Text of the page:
Eco-friendly aircraft cooling system to boost UAE airlines' green credentials
A new eco-friendly aircraft air-conditioning system is expected to bolster UAE airlines’ “green” credentials, as the industry aims to move towards cleaner alternatives.
Aircraft including Emirates’s new Airbus A380s will be installed with new pre-conditioned air systems by the end of this year, which will save fuel and cut carbon emissions, according to Cavotec Middle East, a supplier of environment-friendly power solutions.
Chairman Stefan Widegren said yesterday Cavotec hopes to have the first order to install its pre-conditioned air (PC-air) systems in Emirates aircraft this year, with a larger build-up of orders expected in 2009 and 2010.
“We know it works, we’ve done tests here several times. We now need the first order to show that this is not just testing and we hope that will happen in 2008,” Widegren told Emirates Business.
“Emirates has been very proactive in developing the PC-air product for us, which is especially valid in hot climates,” he said, explaining that the investments were made by the Dubai Airport Authority and not Emirates.
“All the big airlines are interested but this works for us pretty much through Emirates, Airbus and Boeing,” said Widegren.
The company is currently in talks with the two aircraft manufacturers, said Widegren. “The big wide-bodied aircrafts cannot be cooled with the conventional technology anymore because they’re not sufficient, and today it seems we are the only ones who have the technology that can actually cool an Airbus 380 in the timeframe required.”
The new technology brings enough cool air into planes to cool them in an hour or so, said Widegren.
Cavotec Middle East yesterday unveiled its new Dh10 million regional headquarters in Dubai’s Jebel Ali Free Zone as it aims to cater to the firm’s expanding operations in the region.
UAE Minister of Government Sector Development Sultan bin Saeed Al Mansouri opened the facility alongside among senior representatives from the government and private sectors.
The new 7,200 square-metre location includes offices, warehouse and manufacturing and assembly areas. The firm is also looking to expand its operations to Abu Dhabi International Airport and is in talks with the UAE capital.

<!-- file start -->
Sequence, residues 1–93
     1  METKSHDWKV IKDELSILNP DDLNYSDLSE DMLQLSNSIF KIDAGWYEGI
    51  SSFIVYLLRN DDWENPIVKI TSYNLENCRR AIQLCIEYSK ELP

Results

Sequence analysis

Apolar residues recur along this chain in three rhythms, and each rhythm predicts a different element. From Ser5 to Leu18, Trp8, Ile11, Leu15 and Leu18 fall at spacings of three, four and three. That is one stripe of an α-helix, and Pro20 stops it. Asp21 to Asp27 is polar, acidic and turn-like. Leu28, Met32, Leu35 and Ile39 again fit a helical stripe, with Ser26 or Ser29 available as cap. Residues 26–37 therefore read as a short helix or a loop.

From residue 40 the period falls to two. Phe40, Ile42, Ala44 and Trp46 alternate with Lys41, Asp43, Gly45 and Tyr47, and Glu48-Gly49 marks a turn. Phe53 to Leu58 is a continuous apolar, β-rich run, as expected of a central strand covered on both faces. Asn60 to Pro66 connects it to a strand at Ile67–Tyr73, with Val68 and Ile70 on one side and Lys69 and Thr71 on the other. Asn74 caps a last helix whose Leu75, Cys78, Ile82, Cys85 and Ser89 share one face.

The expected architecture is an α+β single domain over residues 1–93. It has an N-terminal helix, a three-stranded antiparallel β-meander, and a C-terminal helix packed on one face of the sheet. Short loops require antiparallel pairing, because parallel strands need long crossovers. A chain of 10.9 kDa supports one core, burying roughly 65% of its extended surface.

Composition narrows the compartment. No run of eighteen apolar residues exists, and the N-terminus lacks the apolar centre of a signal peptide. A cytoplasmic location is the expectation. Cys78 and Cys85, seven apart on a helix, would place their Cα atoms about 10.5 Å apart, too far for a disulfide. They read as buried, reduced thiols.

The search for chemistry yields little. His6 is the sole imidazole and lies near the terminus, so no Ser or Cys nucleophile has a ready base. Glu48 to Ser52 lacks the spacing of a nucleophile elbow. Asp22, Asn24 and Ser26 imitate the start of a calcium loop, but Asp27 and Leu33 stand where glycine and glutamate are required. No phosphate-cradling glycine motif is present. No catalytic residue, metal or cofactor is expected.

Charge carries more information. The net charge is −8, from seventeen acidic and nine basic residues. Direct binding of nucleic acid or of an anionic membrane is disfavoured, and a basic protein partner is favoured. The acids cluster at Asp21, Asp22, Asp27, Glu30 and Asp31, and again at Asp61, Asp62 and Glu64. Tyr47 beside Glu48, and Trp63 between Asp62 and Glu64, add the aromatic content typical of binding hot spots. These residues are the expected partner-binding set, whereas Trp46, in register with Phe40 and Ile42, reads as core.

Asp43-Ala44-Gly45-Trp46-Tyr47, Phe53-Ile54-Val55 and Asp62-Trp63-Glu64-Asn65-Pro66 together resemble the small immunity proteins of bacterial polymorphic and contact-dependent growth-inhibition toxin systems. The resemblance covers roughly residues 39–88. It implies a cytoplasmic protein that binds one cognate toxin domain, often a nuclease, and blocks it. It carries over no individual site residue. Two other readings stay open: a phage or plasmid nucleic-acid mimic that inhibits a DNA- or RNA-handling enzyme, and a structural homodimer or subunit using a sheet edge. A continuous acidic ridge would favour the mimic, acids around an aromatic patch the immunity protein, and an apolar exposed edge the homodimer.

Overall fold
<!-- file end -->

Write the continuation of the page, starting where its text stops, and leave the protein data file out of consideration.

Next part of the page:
According to Widegren, providing green alternatives is becoming more important to the industry as environmental pollution continues to become a global problem.
“An airport with all its planes burning up fuel becomes one of the biggest polluters in the city, without maybe knowing it,” he said.
“Same with the port, where you have ships that come in and have to keep their engines running because they need electricity. If we could shut down those engines the city would become cleaner.”
Cavotec provides eco-friendly products to ports, including an automatic mooring system for ships, that is more efficient than conventional methods.
“A port like Jebel Ali can be very big and have a big demand, maybe not now but maybe in a decade from now. Before they can put automatic mooring in the whole port, it will take some time to test it and so on,” he said.
“I can sense that the authorities here are open-minded about [finding cleaner alternatives] and that they would welcome this development’s affects on Dubai.”
Cavotec Middle East’s turnover doubled between 2005 and 2006, growing from about Dh40m to Dh80m before hitting Dh100m in 2007, according to Widegren. Forecasts for this year are pushing towards Dh120m to 140m, he said.
“Cavotec as a whole has been growing 20 per cent per year in the last seven or eight years and we can see that this growth can continue not only in Dubai but worldwide,” he added.
The company recently completed installation and commissioning of specially designed pop-up pits for Dubai International Airport, and is currently also active in Oman, where the firm has supplied automated mooring units to the Port of Salalah.
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